So much of the left has now joined the right, albeit without quite admitting it, in wishing to use the power of the states to oppose—dare we say interpose?—unwanted federal policies.  Of course, left-leaning states oppose different federal policies than do right-leaning states, and yet as they say, sauce for the goose is sauce for the gander.  So if the left says it’s fine for a blue state to interpose against the federal government on behalf of, say, sanctuary cities, it’s hard to come up with anything more than a situationalist argument for saying that a red state can’t interpose on behalf of abortion restrictions.  

Thus we come to see why both blue and red are at peace with at least some of the ethos of the Virginia and Kentucky Resolutions.  At one time or another, folks everywhere in America have felt threatened by federal restrictions on speech or expression.  This goes for today’s red (Kentucky), today’s purple (Virginia), and today’s blue (John Adams’ home state of Massachusetts).  Indeed, the commonality of the feeling of dissonance goes beyond speech and expression.  Be they fans of Becerra or of DeSantis, they both accept that the states are so divergent that they have a right to affirmatively defend state policies that express those divergences.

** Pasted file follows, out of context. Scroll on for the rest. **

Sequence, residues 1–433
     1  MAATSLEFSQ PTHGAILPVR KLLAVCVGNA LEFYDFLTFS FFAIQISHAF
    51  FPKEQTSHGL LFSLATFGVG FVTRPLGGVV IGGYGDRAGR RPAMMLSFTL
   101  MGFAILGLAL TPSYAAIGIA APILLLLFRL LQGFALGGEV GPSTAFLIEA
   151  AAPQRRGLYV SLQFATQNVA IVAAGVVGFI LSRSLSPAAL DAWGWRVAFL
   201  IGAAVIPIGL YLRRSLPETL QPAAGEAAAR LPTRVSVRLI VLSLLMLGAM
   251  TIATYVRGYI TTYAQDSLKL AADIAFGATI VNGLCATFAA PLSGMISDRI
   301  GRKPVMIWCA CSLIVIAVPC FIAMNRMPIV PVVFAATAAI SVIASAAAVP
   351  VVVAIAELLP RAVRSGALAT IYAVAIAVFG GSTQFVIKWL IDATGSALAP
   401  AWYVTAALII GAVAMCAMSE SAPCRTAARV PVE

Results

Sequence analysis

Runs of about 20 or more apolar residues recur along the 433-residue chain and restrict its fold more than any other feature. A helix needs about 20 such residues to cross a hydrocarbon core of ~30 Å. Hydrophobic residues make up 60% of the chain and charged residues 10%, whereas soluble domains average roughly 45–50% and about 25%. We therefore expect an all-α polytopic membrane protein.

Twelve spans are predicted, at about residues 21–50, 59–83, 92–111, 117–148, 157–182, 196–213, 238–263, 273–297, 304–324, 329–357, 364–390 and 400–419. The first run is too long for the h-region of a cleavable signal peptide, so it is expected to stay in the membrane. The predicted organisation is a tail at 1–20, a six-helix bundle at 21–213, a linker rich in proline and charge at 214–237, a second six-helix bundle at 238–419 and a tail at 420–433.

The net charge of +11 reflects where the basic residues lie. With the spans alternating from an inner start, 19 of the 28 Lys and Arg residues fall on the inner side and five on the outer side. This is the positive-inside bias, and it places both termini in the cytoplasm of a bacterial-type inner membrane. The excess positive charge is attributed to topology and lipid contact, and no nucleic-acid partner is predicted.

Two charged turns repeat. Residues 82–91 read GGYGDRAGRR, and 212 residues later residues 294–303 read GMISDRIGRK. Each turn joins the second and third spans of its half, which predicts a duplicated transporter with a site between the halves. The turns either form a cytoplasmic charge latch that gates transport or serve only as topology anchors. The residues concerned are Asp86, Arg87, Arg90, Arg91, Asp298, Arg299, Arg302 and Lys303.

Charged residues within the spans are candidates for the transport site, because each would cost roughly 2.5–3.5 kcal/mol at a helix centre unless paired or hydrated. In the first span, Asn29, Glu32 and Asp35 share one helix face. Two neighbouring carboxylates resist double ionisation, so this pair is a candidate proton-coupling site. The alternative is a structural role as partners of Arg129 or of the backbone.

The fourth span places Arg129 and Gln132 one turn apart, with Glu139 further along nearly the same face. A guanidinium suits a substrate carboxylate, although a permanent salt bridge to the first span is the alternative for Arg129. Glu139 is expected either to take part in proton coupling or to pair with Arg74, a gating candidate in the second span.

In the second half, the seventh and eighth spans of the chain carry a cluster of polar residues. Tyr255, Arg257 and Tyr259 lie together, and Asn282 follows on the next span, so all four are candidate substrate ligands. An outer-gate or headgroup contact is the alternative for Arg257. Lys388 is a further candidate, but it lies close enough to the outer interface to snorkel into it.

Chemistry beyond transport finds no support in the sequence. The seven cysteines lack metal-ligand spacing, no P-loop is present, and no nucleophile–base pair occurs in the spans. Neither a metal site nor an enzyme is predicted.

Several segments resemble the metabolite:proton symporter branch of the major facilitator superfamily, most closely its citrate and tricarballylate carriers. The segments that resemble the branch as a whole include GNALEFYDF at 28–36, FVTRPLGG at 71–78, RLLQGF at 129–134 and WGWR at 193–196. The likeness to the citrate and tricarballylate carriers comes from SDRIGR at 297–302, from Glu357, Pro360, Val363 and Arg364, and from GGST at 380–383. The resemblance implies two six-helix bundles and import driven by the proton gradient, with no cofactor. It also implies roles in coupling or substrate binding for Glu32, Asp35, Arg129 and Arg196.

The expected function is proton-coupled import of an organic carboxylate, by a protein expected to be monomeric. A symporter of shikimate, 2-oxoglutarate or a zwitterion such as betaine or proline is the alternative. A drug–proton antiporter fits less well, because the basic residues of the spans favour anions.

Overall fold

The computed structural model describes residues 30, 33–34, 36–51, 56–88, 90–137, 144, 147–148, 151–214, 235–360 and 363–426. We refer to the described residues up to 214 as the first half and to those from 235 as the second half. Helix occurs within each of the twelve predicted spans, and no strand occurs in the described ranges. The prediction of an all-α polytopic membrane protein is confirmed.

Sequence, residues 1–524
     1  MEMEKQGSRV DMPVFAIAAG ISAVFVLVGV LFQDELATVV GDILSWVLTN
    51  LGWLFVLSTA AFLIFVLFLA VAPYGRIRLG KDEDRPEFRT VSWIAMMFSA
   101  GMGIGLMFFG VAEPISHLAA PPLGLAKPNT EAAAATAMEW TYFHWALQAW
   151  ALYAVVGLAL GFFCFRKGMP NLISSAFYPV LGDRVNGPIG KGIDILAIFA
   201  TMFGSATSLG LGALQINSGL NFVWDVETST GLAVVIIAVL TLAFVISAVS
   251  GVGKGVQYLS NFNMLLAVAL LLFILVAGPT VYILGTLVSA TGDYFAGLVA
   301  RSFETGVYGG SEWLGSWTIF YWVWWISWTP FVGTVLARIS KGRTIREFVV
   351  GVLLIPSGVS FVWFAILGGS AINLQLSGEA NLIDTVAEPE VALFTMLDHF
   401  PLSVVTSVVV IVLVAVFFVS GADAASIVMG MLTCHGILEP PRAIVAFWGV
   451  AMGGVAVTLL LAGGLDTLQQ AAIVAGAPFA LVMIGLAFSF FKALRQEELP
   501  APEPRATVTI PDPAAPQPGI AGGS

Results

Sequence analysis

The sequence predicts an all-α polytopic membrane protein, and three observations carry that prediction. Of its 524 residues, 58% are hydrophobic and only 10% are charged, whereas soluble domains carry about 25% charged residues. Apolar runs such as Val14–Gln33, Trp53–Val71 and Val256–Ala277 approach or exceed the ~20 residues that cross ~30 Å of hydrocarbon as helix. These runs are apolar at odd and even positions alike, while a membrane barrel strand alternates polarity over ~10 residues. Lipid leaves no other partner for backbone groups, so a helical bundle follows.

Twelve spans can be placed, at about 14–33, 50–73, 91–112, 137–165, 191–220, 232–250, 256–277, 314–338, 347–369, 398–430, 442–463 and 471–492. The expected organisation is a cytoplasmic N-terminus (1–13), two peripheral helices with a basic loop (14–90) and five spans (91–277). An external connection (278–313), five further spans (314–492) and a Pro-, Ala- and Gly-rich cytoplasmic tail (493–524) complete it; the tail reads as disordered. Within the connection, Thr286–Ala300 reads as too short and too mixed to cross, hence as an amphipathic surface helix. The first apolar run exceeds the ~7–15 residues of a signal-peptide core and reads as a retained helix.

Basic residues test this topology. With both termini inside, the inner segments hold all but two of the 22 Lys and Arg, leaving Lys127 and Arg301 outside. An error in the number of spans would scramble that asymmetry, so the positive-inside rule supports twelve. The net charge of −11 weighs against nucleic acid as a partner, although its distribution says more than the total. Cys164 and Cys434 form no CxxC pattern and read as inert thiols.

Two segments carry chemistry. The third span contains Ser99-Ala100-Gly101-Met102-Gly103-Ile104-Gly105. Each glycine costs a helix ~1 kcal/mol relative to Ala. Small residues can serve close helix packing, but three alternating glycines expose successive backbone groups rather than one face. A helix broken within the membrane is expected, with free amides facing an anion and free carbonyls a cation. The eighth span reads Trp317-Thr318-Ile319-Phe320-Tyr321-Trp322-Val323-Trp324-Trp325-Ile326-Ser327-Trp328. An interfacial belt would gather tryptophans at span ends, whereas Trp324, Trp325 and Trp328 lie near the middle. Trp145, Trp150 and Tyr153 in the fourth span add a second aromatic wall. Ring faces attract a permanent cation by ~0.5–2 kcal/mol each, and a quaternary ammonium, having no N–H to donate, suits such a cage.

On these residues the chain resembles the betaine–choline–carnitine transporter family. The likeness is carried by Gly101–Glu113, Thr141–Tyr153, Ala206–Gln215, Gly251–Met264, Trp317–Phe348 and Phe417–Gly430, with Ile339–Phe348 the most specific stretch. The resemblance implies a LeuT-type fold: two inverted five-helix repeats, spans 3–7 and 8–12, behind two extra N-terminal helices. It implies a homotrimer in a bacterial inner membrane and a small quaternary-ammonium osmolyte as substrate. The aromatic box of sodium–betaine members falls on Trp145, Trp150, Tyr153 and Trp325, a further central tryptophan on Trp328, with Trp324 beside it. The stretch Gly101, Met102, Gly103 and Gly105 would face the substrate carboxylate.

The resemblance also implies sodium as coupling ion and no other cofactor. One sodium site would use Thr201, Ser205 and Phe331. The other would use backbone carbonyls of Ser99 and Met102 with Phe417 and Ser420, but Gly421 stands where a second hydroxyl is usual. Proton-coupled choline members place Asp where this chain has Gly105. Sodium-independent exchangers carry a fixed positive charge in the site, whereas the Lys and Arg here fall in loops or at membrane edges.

A Case in Point: One Size for Health Does Not Fit All

We might close on a particular issue that connects, in a sort of matter/anti-matter sense, Becerra and DeSantis.  As the federal secretary of health and human services, Becerra oversees the Food and Drug Administration.  During the Covid crisis, the FDA joined with an independent agency, the Centers for Disease Control and Prevention, to enforce the various rules concerning masks and vaccines.  As we have seen, it’s this cluster of rules that is the object of DeSantis’ new legal assault.  And while we can’t yet know the legal outcome of DeSantis’ actions, we can already see the political impact: the Florida governor has rallied the red-state right.